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In this photo, Keacean Phillips, owner of Jamaican Homestyle Cuisine, poses outside of her restaurant located on North Killingsworth
By The Skanner News
Published: 31 October 2019

To mark Women’s Small Business Month, Senate Finance Committee Ranking Member Ron Wyden, D-Ore., Wednesday introduced legislation to expand women entrepreneurs’ access to capital.

“Women business owners, particularly women of color, are underestimated, underrepresented and undercapitalized,” Senator Wyden said.

“Existing tax incentives do not do nearly enough to help women-owned small businesses. Our bill would diminish these gaps and help women-owned businesses hire and grow.”

Despite significant growth in the number of women-owned businesses, their share of business revenues has not changed in 20 years and remains stuck at 4 percent. Persistent barriers to accessing capital drive this gap. Male entrepreneurs, on average, start their businesses with nearly twice as much capital and are more likely to obtain a bank loan for their business in the first three years.

The gap is even more significant when considering only third-party capital. In 2018, only 2.3 percent of venture capital funding went to companies founded solely by women. Latinx and Black women have raised only 0.32 percent and 0.0006 percent of venture capital funding over the past decade.

While existing tax incentives benefit industries where women do not have a high presence, the benefit of certain tax incentives goes toward those with annual incomes far above that of most female entrepreneurs. Data show that less than 12 percent of women-owned firms have annual receipts in excess of $100,000.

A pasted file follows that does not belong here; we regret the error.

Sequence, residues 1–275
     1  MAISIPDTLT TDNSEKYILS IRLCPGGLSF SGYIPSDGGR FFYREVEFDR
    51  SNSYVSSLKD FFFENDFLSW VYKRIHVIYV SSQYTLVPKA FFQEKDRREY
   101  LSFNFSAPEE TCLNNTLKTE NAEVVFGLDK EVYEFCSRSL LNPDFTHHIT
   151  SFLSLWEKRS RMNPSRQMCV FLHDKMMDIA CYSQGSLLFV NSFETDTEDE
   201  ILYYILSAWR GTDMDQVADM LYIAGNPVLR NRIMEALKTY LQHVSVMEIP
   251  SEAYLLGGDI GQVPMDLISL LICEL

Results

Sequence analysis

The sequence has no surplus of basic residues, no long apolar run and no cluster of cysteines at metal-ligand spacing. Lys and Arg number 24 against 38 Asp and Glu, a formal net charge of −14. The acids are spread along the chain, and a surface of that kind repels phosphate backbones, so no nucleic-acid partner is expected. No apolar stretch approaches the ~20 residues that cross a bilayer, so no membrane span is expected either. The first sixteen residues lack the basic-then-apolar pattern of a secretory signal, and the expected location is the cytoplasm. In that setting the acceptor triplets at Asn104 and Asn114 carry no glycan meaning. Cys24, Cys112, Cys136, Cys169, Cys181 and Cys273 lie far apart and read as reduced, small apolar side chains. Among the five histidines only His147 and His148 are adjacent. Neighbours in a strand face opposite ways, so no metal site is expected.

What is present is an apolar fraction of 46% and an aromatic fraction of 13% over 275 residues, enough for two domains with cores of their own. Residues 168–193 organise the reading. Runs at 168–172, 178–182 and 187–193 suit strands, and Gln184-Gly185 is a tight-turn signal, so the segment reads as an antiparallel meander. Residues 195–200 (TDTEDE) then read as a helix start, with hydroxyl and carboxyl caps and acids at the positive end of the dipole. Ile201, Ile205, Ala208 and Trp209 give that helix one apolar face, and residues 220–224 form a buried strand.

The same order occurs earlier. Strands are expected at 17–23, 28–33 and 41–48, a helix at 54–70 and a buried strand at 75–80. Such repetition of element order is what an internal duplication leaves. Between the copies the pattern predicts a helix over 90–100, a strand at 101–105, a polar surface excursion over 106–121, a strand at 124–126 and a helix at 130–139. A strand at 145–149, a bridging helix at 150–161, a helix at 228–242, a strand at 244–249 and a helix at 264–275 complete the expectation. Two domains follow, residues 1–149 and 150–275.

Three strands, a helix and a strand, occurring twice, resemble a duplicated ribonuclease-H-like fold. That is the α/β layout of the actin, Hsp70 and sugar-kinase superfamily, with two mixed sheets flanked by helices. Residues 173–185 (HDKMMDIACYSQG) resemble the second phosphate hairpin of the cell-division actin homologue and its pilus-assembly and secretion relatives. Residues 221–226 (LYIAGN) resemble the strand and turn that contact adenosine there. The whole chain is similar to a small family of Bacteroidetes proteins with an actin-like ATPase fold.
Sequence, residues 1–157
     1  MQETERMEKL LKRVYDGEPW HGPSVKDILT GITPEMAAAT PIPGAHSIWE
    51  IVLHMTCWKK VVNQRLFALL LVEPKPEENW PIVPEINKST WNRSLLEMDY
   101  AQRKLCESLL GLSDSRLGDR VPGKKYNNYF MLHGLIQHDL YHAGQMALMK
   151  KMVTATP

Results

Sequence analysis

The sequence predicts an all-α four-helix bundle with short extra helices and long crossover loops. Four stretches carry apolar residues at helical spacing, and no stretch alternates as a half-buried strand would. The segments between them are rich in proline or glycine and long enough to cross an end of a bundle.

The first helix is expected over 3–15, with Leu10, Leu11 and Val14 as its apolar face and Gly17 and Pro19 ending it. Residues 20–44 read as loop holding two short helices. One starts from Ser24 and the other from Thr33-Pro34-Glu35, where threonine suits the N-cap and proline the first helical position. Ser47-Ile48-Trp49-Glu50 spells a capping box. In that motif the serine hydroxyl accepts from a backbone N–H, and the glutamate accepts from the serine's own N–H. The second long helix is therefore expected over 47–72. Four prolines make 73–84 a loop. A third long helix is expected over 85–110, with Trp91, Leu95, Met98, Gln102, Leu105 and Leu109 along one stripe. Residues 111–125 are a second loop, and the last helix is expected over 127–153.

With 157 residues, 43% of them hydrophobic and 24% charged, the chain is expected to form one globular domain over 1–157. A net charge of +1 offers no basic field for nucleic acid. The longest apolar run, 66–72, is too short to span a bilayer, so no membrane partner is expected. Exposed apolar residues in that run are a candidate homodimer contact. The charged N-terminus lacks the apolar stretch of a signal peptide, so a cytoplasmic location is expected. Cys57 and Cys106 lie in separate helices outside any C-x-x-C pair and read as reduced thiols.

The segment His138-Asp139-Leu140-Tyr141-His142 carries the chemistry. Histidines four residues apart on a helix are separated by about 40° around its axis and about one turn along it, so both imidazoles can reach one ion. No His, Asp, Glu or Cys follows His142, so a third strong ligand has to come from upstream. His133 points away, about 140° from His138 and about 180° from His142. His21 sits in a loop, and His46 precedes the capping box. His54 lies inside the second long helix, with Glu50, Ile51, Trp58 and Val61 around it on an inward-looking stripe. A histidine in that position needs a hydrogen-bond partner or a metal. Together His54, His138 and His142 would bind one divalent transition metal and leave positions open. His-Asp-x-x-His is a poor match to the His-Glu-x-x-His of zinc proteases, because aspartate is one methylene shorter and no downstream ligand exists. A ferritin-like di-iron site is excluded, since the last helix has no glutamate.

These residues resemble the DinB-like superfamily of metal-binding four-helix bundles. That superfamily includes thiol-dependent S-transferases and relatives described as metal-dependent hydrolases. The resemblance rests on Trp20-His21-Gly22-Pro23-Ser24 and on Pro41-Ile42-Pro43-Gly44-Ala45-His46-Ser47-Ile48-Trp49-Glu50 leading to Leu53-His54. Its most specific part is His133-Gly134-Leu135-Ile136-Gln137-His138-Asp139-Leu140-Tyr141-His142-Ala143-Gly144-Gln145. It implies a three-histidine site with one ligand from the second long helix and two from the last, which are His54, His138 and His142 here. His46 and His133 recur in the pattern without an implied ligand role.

To unlock the growth potential of these small businesses, the Providing Real Opportunities for Growth to Rising Entrepreneurs for Sustained Success (PROGRESS) Act would create two new tax incentives, a first employee and investor credit:

First Employee Credit

  • A new first employee credit would stimulate business growth and job creation. A credit equal to 25 percent of W-2 wages reported would be claimed annually, up to $10,000 in a single tax year, with a lifetime limit of $40,000.
  • Because many businesses do not turn a profit in their early years, the first employee credit is creditable against the business’ payroll tax liability. Certain businesses that have not reported full-time equivalent W-2 wages in a previous year are eligible for the credit.
  • Eligible businesses must be majority-owned by U.S. individual(s) that each earn $100,000 or less per year ($200,000 in the case of joint filers).

“As an entrepreneur, making sure I have enough working capital to survive is my number one priority," says Skyler Pearson, CEO of Nexgarden, Portland, Ore. based indoor farming company. "I’m in that phase where every decision is ‘make or break’, so it’s been daunting to take on new costs like hiring my first employee. But, having extra brain power from a new team member is often what takes a start-up from risky to investable. This bill will help early entrepreneurs make that first-hire leap”

Investor Credit

  • A new investment credit will encourage third-party capital investment and allow small businesses to grow and thrive. A credit of up to 50 percent of a qualified debt or equity investment can be claimed, up to $10,000 in a single tax year, with a lifetime limit of $50,000.
  • Investors that fund certain businesses can use the credit to boost their rate of return.
  • Eligible businesses must have at least 1 full-time equivalent employee and be majority-owned by U.S. individual(s) that each earn $100,000 or less per year ($200,000 in the case of joint filers).

“Barriers to capital access are contributing to the women’s wealth gap, especially for women of color," said Heather McCulloch, Founder & Executive Director of Closing the Women's Wealth Gap Initiative.  "We applaud Senator Wyden's efforts to advance policy solutions that help women to establish and grow their businesses.”

A one-page summary of the bill is available here.

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